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The watch is on for the next wave of US biometric data privacy lawsuits


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Despite the wave of litigation alleging procedural violations of biometric data privacy rules, or perhaps because of it, other states are following Illinois’ lead by enacting regulations including redress mechanisms, and in some cases a private right of action for consumers, as described in a trio of editorials from legal experts.

Pennsylvania’s proposed Consumer Data Privacy Act, and Virginia’s recently-enacted Consumer Data Protection Act, which goes into force on January 1, 2023, will each force businesses to take proactive measures to ensure their compliance , Jeffrey N. Rosenthal and Thomas F. Brier Jr. of Blank Rome write for The Legal Intelligencer.

The Pennsylvania law includes a private right of action, while Virginia’s would not, but Rosenthal and Brier suggest it could include America’s broadest definition of covered biometric data. Under each state’s law, consumers would be granted rights to be informed when their biometrics are collected, to access and delete the data, to opt out of its sale, and in Virginia to correct data. Biometric data portability rules are also included in Virginia’s Act.

Businesses are required to reasonably secure biometric data, and each Act includes disclosure rules for third-party sales or targeted advertising.

The laws apply to businesses that derive half of their revenue from personal data sales, with at least 25,000 customers in the case of Virginia, as well as all companies of a certain size.

As in California, where the Unfair Competition Law can be used to bring private action against businesses and then “borrow” violations of other statutes, like the California Consumer Privacy Act (CCPA), Pennsylvania may allow plaintiffs to sue for unfair or deceptive practices, under a similar state law, with reference to the biometrics restrictions in its proposed CDPA.

NYC rule imposes requirements on stores

Even before New York’s proposed Biometric Privacy Act reaches a vote, an amendment to Title 22 of the New York City Administrative Code creates requirements for commercial establishments using biometrics reminiscent of Illinois’ Biometric Information Privacy Act (BIPA) Jackson Lewis P.C. Associate Damon W. Silver writes for The National Law Review.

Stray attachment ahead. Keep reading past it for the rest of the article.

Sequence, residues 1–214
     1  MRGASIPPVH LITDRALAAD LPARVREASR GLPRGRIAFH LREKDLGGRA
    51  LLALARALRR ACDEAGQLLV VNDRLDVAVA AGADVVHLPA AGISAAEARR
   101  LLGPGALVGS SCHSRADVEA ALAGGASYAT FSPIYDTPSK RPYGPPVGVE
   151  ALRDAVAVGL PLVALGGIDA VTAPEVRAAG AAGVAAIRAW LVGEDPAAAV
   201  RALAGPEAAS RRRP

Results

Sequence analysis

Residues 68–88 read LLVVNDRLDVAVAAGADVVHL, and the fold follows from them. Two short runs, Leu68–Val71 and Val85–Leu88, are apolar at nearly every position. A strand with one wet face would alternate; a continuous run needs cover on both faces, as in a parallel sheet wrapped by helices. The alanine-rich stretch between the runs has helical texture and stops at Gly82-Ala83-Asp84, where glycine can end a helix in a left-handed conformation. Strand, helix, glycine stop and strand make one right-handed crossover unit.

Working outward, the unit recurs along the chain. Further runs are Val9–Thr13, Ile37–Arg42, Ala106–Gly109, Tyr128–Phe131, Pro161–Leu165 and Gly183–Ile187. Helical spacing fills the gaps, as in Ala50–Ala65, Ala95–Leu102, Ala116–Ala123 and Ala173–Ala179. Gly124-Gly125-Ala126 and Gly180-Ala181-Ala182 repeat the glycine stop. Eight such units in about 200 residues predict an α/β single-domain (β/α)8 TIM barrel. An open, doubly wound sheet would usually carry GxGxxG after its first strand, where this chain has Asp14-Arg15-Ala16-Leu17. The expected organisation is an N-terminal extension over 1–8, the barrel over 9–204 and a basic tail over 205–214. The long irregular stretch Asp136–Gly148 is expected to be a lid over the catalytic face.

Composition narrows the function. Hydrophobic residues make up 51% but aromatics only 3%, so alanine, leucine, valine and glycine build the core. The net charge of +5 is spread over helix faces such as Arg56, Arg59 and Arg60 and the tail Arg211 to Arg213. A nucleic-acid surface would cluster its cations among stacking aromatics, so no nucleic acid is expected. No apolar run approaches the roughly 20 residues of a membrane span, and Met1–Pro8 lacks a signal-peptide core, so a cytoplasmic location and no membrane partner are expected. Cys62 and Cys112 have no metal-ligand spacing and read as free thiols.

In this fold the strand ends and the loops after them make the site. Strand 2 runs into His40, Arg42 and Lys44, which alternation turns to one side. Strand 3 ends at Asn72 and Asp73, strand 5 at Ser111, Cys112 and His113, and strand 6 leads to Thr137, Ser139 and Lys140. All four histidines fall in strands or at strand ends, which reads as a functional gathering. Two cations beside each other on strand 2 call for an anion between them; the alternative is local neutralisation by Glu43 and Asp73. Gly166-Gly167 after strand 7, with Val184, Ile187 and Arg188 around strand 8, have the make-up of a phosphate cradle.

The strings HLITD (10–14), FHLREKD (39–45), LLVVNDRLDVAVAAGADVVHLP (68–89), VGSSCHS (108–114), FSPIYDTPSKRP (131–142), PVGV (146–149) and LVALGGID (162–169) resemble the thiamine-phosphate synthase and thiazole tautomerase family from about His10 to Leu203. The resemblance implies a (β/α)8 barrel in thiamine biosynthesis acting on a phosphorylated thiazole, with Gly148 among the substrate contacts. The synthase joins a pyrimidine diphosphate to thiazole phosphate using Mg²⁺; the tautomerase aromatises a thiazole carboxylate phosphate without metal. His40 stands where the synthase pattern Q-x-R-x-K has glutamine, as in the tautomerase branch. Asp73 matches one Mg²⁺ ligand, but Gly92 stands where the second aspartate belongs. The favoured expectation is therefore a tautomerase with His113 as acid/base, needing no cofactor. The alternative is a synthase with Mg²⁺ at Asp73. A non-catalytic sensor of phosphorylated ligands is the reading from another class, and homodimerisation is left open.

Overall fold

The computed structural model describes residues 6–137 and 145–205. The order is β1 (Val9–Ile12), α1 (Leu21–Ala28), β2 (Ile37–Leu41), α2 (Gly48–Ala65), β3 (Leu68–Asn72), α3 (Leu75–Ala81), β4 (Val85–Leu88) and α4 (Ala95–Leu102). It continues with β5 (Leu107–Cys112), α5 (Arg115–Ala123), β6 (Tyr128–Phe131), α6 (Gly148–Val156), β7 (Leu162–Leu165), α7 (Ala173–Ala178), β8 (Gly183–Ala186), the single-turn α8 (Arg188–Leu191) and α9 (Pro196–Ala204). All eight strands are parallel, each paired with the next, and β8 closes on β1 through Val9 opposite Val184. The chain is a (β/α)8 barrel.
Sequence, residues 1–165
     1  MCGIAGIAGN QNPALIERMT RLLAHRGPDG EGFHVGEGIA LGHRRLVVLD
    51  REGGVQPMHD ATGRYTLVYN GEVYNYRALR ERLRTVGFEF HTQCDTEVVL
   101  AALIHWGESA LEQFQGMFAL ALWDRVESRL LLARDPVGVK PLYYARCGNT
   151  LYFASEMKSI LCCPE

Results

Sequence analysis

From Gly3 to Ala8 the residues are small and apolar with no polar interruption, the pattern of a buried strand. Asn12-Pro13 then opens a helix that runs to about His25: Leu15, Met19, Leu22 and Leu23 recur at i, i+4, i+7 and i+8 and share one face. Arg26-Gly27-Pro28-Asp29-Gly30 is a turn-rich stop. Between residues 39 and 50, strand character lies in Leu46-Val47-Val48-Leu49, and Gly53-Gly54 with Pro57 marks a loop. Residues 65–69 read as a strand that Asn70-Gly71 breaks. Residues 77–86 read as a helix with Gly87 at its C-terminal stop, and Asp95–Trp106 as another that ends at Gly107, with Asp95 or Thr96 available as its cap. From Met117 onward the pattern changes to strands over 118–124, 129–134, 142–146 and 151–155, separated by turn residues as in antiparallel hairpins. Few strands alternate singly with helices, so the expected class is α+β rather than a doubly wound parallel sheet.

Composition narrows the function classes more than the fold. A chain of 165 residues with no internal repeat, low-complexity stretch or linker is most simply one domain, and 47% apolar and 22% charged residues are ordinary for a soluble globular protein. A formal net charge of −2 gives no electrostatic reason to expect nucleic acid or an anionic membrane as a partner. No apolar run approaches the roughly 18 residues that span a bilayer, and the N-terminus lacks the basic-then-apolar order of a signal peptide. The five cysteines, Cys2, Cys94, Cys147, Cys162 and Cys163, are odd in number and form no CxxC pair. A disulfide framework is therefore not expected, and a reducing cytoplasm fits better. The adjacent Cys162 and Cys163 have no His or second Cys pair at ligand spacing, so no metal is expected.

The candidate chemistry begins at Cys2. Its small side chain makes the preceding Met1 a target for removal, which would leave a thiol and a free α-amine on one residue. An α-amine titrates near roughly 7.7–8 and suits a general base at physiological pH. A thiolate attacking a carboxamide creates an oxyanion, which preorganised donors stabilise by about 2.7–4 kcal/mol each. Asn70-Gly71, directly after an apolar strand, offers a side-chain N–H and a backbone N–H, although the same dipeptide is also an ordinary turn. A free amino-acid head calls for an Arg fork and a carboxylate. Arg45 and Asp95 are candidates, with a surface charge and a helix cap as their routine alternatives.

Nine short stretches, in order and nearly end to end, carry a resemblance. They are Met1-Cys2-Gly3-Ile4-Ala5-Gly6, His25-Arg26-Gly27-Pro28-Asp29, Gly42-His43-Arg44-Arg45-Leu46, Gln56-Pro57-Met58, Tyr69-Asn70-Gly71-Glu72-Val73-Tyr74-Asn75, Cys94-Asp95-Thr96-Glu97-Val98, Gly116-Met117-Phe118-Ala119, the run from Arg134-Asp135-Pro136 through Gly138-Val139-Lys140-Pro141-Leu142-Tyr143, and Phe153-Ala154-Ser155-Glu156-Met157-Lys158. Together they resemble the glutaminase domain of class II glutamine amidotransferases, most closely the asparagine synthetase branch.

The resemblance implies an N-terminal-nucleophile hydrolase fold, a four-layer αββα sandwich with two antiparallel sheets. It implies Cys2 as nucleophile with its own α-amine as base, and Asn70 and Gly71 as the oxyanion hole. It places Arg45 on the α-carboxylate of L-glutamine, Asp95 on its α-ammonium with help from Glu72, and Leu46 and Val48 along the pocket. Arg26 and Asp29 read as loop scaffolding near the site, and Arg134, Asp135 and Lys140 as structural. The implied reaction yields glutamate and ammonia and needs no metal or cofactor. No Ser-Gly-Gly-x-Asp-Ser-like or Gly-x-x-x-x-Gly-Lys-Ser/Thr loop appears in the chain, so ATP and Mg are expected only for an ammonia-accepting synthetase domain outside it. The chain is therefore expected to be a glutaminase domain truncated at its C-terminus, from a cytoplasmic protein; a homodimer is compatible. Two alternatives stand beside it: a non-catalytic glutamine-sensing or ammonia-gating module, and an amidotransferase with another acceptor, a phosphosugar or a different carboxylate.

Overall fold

The Amendment refers to restaurants and bars, entertainment venues like theaters and stadiums, and retail stores, requiring them to post notices informing patrons of their biometrics use, and blocking them from selling or otherwise profiting from any data they collect. Consumers have the right to make complaints and have alleged violations resolved by the business within 30 days, or a right of private action is triggered.

Silver also reviews other laws recently passed or yet to be enacted which relate to data privacy, including the SHIELD Act and the Tenant Privacy Act, which covers smart access systems using biometrics.

Maryland bill has private right of action, but not informed consent requirement

Maryland’s Biometric Identifiers and Biometric Information Privacy Act is currently before both the State House and Senate, and Blank Rome’s David J. Oberly writes for Lexology that it could become the second state after New York to pass legislation modeled on BIPA.

The proposal would bring in a right of private action against companies that fail to provide privacy policies including biometric data storage guidelines and retention schedules, that sell consumer’s biometric data, that disclose or share the data without consent, and that fail to reasonably protect the data. The remedies outlined are described by Oberly as a carbon copy of BIPA.

Maryland’s bill sets out a wider definition of biometric data than BIPA, however, provides exceptions for internal company operations, and does not impose the same informed consent requirements as Illinois’ law, which is the clause alleged to have been violated in the vast majority of BIPA suits.

Oberly warns that other states and local jurisdictions could follow the trend, and provides advice for companies using biometric data to remain compliant aid the shifting legal landscape.

Maryland also cracked down on the use of biometrics-based affect recognition in job interviews last year.

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